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Walk Softly – You alone can’t save the planet, but …

by Geoffrey Carpentier

You alone can’t save the planet, but you can try.

Here are some things you can do, to move in that direction.

Take baby steps but make each one count. If you, your friends and neighbours each do a little, a lot of good will result.

Shop at thrift stores, save money and help recycle in the best way. Not only may you find a bargain but a replacement product (new in the box) wasn’t manufactured in another country, flown to our country and trucked to a store nearby. Buy recycled building materials or share your leftovers with the community through a local barter group. Consider sharing tools and appliances with friends, neighbours and family rather than buying your own. This leads to the same outcome as a re-store, less manufacturing and fewer emissions.

If you must buy new garden tools, consider buying battery-operated tools rather than gas-powered ones. Now be aware, lithium must be mined, so, there is a bit of a downside to this. Still, I think the positive outcomes outweigh the negative ones. When done with your old tools, presuming they can’t be fixed, recycle or sell them for scrap metal.

Walk when you can, especially if you live near your kid’s school or shops. Bike at other times and use your car only when necessary. Drive a well-tuned car, at the speed limit with properly inflated tires. You'll get better mileage that way and you vehicle will produce cleaner emissions. Bring a friend along when you can, so you can travel wisely and sustainably to run your errands. I found an interesting website called Trip Chaining ( which allows you to plan trips by any mode of travel. It enables you to see best routes, carpool lots, public transit, etc. It’s pretty neat, try it. There’s lots of other similar apps in the online app stores. The concept is simple, plan your route in advance, so you don’t backtrack and waste gas. Likewise avoiding congested routes can show great benefits in time and fuel savings. According to Natural Resources Canada, if drivers of light-duty vehicles avoided idling, by just three minutes a day, each year, Canadians would collectively save 630 million litres of gas. Think of that at the drive-throughs or when stopped at traffic lights.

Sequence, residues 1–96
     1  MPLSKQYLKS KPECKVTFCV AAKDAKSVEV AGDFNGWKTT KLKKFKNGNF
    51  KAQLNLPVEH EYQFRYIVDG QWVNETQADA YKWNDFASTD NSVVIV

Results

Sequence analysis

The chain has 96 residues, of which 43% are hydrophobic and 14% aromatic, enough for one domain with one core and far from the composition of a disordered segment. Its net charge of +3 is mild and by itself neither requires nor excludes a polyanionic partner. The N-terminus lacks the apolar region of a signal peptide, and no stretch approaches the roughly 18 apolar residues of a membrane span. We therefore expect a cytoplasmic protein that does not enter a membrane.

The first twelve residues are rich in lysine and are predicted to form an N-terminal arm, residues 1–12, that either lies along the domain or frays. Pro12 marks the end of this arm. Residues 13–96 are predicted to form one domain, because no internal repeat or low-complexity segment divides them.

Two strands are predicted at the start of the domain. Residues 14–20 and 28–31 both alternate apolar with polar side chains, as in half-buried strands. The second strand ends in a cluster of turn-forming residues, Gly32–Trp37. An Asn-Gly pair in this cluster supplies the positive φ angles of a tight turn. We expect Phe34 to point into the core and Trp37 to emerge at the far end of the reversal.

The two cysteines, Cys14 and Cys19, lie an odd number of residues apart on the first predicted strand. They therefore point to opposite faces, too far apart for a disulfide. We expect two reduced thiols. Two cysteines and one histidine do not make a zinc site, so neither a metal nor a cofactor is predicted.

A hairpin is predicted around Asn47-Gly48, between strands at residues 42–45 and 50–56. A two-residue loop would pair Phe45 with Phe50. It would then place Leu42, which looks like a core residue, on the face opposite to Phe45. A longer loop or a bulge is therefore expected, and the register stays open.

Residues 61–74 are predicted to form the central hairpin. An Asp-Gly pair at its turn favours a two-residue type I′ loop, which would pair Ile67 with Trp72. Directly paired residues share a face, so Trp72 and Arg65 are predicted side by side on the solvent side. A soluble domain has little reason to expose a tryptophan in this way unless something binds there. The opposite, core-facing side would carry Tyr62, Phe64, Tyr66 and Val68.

Consider fire hardening your home. This is a technique where retrofits are designed to reduce the damage from wildfires. Build or remodel your walls with ignition resistant building materials, such as stucco, fibre cement wall siding, fire retardant treated wood or other approved materials. While you’re doing this, upgrade your home to meet climate-friendly building codes and diminish your impact on the environment.

Indoors, use only LED lights and turn them off when not in use. The phantom power from the many appliances, we have, wastes a lot of energy. While often inconvenient, this impact can be reduced substantially by simply unplugging devices completely.

Seasonally, there’s lots you can do. Keep your programmable thermoset set at a lower and reasonable but comfortable temperature. Close the shades and curtains to keep the heat of the sun at bay. Never open the windows if the outside temperature is hotter than inside or vice versa. In winter, do the opposite, open the blinds and curtains on the sunny side to let the fading light in. Use extra blankets, “snuggle-fests” and warm clothes rather than simply raising the heat. Even a local heater in your office or den is much more efficient than heating the entire house, so you can be warm in one room.

Outdoors, plant native trees (a mini-carbon-sink which will help the planet) and remove alien species from your own property or help other neighbours or agencies do so.

Going on vacation? Plan your trip and think about the impacts to the local environment. Maybe, consider a stewardship holiday. That’s one where you go somewhere to build a house, install a well, and/or learn about local agriculture. Consider an eco-holiday, where the local economy and environment benefit from your visit. Everybody wins in a case like this.

This is just a short list of the many ways you can make a difference, to offset the impacts of our generally consumptive life styles.

Geoff Carpentier is a published author, expedition guide and environmental consultant. Visit Geoff on-line on LinkedIn, Facebook and Instagram.

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